He smiled and explained to the boy that a special taxi service was in town that used jeeps for comfortability of their clients. The boy had nodded and said “oh-kay”.
They had been on the road for about 10 minutes when he veered off the road into a bush. The boy asked where he was going, but he only scowled at him and drove on. The boy started screaming at him to stop, he slapped him and told him to shut up. Then he stopped. He ordered the boy to get down, he refused. Kunle went to his side of the car, opened the door and dragged him down.
As he brought out the gun, the boy’s eyes grew wide. He begged him with tears flowing freely. He looked at him, those eyes again; they reminded him of someone. His phone rang, it had been ringing since but he decided not to pick. He ended the call. He cocked the gun and shot the boy, first on the leg, the second bullet went into his stomach, as the boy clutched at his stomach, he shot the third bullet into his chest, and the boy became still. He was dead. He moved closer, pushed him with his leg to confirm if he was dead. He got into the car, reversed and drove off.
As he drove on, he picked up his phone to see who had been calling him since morning. He saw that he had 40 missed calls and 8 messages. He checked, 37 of the missed calls were from a foreign number. That should be Ibukun, he thought. He was about to call back when the number called again.
He picked, “Hello.”
The person was shouting, “Kunle, how difficult can it be to pick your call? I have been calling you since morning.”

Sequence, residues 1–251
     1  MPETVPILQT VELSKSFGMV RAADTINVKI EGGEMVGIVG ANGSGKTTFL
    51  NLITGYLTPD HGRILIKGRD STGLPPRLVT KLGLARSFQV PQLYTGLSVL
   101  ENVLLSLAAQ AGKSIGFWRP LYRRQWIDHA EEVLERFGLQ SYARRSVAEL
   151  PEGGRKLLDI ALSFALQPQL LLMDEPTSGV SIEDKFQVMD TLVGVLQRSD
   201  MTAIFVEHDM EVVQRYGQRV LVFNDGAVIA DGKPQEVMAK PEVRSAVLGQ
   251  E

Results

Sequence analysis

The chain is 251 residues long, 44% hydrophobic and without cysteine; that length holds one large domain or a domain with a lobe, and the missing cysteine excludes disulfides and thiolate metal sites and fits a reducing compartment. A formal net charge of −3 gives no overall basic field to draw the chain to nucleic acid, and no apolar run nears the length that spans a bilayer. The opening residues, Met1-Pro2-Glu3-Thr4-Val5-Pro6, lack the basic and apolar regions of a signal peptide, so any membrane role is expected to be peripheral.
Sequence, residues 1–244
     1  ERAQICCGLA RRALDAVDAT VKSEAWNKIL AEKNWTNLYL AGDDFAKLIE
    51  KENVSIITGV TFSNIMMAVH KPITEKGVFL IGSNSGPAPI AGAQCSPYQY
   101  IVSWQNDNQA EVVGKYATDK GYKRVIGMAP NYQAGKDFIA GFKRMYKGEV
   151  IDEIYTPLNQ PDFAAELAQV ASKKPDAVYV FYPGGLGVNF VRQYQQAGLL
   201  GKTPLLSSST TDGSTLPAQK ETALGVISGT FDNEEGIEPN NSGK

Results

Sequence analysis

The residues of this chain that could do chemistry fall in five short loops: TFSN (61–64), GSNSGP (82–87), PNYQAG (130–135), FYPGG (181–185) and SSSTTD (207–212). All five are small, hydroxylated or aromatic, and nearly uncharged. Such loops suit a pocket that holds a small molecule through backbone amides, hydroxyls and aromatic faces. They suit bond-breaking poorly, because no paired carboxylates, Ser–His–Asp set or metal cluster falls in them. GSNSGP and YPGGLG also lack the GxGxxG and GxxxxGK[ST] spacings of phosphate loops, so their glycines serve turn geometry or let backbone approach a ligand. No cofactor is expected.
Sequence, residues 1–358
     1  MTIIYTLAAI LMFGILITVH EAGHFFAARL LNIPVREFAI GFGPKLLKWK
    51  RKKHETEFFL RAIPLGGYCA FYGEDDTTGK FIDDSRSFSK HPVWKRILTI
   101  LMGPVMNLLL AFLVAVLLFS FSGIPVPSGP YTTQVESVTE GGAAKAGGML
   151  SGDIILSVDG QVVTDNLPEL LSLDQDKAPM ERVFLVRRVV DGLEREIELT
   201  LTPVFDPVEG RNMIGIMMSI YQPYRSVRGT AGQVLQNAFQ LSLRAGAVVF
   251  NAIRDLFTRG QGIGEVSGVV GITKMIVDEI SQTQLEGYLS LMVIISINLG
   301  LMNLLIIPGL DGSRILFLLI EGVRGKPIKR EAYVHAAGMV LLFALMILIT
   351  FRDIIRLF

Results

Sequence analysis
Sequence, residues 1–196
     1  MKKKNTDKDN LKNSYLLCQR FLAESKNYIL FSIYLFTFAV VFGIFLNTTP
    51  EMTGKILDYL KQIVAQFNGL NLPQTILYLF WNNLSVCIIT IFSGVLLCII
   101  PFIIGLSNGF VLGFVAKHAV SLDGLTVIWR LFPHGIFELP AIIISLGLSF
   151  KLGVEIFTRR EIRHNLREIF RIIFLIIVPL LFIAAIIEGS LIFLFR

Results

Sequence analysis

He apologised. “Ibk, I am very sorry. I have been very busy.”
“Very busy? You should have told me that from the beginning. I didn’t beg you to let him visit nah. Anyway, have you picked him up?”
“Picked who up? I thought you said he would arrive by 6pm, it’s not yet six o’clock nah.”
She had shouted, “Ah! Didn’t you read the messages I sent you?”
He parked his car. “Ibk, let me call you back, please.”
He remembered that he had asked for ‘gists’ about her, her family and son last night. She had obviously sent the gists but he forgot to read them.
He opened the first message, that one was sent this morning. It read: “Gud morin Kunle. Been calling u since, bt u ar not picking. His flight has bin changed o. He wil nt b arriving by 6, it wil now b 2pm. Pls be there early o.”
What!!! He read the other messages about her family. She had moved to the US after their breakup. After a year there, she had met a drug dealer who claimed he had turned a new leaf. Her son was a year old then and he had warmed up to him. They had gotten married but he didn’t want kids. People had assumed her son was his’. Her husband’s name was Wasiu; fondly called:
She had explained in one of the texts that unlike him that supported Arsenal fc, his son loves Chelsea fc so much and would be wearing their jersey for his visit to Nigeria. She had written in the last message that while his son was ‘fat’ like him, he had her height and she named him after him:
His hands were shaking; by the time he read the last message, the phone dropped. Ibukun was calling, he just switched off the phone and drove at a high speed to the place where he killed the boy. When he got there, some ants were crawling there already. He moved close to the boy, turned his face up and shook him. He saw it then, the eyes; he had his eyes. He shook the boy, but he was long gone.
He got into the car, drove like a possessed man. The tears flowed freely. His son, his last salvation, he had killed him with his own hands. He couldn’t face his wife, neither could he face Ibukun.
As he neared the express road, he didn’t look at the road, two trailers were coming, one was trying to overtake the other; he rammed his car into them. As life seeped out of him, he remembered a quote he once read: “Before you embark on a journey of revenge, dig two graves.”